All humans, dead or alive, constantly emit microscopic particles bearing human scent.
Millions of these particles are airborne and are carried by the wind for considerable distances.
Scientists estimate that dogs’ scenting capability is over 10,000 times better than that of a human.
Dogs can locate and follow air scent over large distances, some dogs demonstrating a scenting capability over a distance of half a kilometre.
Dogs can be trained to use their senses for the benefit of humans
The air scenting SAR dog is trained to locate the scent of any human in the air and works in a specific search area.
The dog is not restricted to the missing person’s track and can search long after any such track would be obliterated.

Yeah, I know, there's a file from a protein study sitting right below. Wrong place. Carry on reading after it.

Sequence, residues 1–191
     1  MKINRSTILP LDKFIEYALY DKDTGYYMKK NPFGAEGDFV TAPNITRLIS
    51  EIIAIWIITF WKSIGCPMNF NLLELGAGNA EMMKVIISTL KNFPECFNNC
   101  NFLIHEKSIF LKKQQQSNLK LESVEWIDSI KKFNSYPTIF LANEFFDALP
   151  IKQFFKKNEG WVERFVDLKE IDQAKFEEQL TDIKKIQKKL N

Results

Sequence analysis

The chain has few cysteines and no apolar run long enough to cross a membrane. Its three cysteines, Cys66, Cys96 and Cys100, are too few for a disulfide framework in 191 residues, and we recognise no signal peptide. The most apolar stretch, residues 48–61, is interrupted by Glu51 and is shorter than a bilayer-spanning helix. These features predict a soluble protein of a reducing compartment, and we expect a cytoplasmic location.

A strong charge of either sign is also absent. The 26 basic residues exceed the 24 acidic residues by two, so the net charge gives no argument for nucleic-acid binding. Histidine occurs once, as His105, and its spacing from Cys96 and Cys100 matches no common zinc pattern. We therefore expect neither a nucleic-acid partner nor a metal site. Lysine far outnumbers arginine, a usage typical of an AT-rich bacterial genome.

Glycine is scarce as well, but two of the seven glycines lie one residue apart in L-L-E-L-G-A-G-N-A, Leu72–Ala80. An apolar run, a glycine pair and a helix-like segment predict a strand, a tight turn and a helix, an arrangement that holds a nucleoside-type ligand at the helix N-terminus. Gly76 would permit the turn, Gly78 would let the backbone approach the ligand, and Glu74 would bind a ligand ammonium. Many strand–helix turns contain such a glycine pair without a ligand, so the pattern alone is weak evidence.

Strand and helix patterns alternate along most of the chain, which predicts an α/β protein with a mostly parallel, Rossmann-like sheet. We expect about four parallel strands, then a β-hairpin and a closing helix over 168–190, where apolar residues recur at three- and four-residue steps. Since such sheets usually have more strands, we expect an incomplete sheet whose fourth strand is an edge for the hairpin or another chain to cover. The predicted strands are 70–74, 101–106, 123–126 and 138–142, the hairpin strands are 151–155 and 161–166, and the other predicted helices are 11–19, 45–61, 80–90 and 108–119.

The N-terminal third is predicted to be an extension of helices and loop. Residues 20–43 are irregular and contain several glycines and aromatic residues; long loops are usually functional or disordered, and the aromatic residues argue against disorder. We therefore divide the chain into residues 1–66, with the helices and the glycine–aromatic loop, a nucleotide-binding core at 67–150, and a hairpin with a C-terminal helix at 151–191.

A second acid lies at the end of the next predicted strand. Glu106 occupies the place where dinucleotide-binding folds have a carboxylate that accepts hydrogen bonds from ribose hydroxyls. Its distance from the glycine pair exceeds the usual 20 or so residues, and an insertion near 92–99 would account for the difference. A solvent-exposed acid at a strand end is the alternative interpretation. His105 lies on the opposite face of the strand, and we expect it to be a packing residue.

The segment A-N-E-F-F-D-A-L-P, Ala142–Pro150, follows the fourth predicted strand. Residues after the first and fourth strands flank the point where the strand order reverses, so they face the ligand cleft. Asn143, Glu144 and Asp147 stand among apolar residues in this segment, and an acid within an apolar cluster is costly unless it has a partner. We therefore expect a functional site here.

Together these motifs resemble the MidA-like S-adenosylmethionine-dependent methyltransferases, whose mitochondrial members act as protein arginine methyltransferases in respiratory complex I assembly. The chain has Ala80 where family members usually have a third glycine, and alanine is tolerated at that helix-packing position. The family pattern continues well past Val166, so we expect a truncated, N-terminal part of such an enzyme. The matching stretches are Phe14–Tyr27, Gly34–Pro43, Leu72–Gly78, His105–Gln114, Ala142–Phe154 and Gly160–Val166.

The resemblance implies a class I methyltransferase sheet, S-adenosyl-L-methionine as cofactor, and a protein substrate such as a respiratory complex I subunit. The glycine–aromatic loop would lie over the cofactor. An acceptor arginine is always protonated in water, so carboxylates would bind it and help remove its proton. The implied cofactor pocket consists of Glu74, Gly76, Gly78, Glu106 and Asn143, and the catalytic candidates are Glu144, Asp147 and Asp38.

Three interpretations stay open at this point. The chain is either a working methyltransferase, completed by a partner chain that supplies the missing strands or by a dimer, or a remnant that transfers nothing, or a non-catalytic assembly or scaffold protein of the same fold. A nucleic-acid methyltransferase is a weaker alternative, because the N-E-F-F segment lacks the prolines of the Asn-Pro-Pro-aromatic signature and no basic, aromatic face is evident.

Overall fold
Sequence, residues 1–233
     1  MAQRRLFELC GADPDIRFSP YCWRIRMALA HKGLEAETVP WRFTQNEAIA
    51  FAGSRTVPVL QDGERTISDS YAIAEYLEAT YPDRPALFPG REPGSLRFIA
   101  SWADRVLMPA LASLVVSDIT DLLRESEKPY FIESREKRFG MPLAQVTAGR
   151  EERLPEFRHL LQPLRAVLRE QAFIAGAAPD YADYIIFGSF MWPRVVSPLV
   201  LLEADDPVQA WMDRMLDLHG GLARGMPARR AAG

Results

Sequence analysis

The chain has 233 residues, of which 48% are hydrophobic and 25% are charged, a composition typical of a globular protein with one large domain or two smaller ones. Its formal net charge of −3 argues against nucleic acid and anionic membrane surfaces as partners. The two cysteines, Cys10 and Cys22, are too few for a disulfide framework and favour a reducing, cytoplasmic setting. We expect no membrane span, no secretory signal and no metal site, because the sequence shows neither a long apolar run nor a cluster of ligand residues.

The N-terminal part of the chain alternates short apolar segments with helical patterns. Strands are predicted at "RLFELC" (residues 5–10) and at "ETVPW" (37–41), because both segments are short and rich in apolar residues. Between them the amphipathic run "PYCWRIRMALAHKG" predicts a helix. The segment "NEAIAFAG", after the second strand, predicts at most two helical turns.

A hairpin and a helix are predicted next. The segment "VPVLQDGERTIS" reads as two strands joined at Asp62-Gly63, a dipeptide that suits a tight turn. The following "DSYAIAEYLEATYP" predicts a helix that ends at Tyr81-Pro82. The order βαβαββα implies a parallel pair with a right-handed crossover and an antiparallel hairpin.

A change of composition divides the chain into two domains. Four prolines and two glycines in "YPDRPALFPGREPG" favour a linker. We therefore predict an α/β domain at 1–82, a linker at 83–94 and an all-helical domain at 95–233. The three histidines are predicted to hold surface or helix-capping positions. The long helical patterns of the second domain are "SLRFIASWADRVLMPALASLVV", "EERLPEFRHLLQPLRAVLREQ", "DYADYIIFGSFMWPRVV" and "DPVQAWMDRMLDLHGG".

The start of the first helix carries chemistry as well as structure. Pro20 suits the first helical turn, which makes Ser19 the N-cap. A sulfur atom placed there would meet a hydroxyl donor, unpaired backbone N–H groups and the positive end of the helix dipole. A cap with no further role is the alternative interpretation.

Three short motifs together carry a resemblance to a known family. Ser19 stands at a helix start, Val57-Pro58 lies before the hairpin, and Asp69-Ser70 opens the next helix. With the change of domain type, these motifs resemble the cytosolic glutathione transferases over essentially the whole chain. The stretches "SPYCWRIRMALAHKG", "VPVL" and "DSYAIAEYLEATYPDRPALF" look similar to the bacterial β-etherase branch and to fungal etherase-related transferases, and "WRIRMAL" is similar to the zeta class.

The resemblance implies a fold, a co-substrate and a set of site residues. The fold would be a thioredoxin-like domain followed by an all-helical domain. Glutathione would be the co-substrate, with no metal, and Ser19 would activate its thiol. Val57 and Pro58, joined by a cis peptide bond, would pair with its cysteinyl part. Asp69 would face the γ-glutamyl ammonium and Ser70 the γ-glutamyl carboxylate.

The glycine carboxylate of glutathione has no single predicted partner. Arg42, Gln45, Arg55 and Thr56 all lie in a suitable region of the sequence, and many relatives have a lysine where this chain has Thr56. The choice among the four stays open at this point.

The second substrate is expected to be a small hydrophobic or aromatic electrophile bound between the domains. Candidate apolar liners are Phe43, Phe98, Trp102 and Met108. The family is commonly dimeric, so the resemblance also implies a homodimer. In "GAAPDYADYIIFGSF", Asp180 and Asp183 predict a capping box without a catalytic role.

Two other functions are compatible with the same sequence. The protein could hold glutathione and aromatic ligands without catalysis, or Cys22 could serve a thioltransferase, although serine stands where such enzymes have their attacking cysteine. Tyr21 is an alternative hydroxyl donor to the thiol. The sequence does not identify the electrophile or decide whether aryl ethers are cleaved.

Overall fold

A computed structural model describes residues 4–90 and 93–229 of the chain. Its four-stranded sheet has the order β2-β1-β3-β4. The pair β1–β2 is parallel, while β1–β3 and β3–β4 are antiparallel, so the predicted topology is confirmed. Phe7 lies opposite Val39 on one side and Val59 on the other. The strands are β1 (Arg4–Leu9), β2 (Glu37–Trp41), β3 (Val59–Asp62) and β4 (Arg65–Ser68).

They do not require a piece of clothing to find someone, but will detect the presence of any human scent.
They are taught to ignore distractions (even rabbits) and with a trained ‘nose’ can accomplish scenting feats that are astonishing, even to their handlers.
Dogs can reach areas inaccessible to humans
They can work day or night in all kinds of weather, and are especially effective where human sight is most limited: in the dark, in dense woods or heavy brush, in debris, and under ground or snow.
Just one dog can do the work of 50 human searchers.
Air scenting dogs work off leash and usually at a canter. This allows the dog to range out from the handler covering large areas. Once they locate a human scent, they will go to the source of the scent and will then return to the handler and lead them back to the missing person. Even when visual sources are hampered, such as in foggy conditions or at night, the dog’s scenting capability is unimpaired. In fact, the air currents are usually more favourable at night and, since dogs use their noses not their eyes, they can search very effectively.